It’s been a while since I read a physical book. Most of my reading these days is done on the kindle and, while I still have physical text books for my maths degree, I have a lot of books just waiting to be read. What If? by xkcd creator Randall Munroe is one of these. I was given this as a present a few years ago and, despite my initial excitement (having been a reader of xkcd since about comic 17212) the book had sat on my bedside table under the kindle but just above the half-read “Sagas of the Icelanders” that I’d bought on my honeymoon. Last week I picked it up and started reading. I read just under half in that first sitting and then two days later finished it. I wish I’d read it the day it was given to me. Continue reading Review: What If? Serious scientific answers to absurd hypothetical questions
I’ve written before about the power of literate programming, using to create reports when code runs. It’s fairly simple to combine this with the graphical drawing packages to create impressive graphs and figures on the fly. A lot of academics I’ve spoken to have shied away from using for drawing, despite being very proficient with the textual layout. Similarly, a lot of students on the OU Mathematics degree write up all of their assignments in but drop in hand drawn graphs and diagrams. Just like anything else in , once you get your head around how it works, it’s actually not that difficult to create very complex structures. Continue reading Diagrams with LaTeX – easier than you might think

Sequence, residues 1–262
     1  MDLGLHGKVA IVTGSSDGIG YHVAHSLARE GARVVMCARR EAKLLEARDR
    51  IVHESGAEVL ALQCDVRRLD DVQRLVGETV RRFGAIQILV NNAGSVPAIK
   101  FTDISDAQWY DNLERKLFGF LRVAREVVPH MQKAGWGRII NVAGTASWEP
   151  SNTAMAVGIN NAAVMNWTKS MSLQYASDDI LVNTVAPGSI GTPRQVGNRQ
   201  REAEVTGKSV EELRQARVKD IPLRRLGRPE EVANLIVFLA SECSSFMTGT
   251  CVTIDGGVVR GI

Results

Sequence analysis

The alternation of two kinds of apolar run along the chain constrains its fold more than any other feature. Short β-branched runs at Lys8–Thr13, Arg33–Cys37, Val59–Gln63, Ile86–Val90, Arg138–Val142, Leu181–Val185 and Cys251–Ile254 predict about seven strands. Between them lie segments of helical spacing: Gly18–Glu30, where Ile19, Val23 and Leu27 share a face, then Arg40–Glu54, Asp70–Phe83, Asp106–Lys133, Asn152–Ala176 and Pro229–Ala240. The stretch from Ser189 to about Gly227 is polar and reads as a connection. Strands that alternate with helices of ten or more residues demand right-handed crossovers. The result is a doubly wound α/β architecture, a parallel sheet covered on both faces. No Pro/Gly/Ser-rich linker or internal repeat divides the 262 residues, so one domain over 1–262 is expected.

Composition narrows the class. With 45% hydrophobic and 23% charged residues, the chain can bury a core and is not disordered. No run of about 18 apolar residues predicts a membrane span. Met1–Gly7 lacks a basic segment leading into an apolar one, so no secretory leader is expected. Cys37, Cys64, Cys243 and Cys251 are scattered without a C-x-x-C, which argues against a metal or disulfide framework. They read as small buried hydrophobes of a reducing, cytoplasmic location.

Yesterday I had the great pleasure in being part of the global WiDS2017 event show casing women in all aspects of data science. The main conference was held at Stanford but over 75 locations world wide had rebroadcasts and local events, of which Reading was one. In addition to spending a great evening with some amazing women, I was asked to speak in the career panel on my experiences and overall journey. Continue reading WiDS2017: Women in Data Science Reading
At the end of my last post in this series, we had completed the build. This post focuses on installation of the software and updating the firmware ready to print, from issues 65 and 76 of 3D Create and Print by Eaglemoss Technology. If you’ve skipped a part of this series you can start from the beginning, including details of the Vector 3 printer I’m building on my 3D printer page.
If you haven’t already done so, download the correct V3 software from the V3 website. While you’re there, also get the updated firmware for the Arduino board that powers the V3. Continue reading 3D Printer Part 23: Setting up, troubleshooting and the unexpected
Over the weekend, I was clearing out some old paperwork and I found the notes from one of the assessed practical sessions at University. Although I was studying biochemistry, an understanding of basic programming was essential, with many extra optional uncredited courses available. It was a simple chemical reactions task and we could use BASIC or Fortran to code the solution. I’d been coding in BASIC since I was a child1 so decided to go for the Fortran option as what’s the point in doing something easy…. Continue reading Learning Fortran – a blast from the past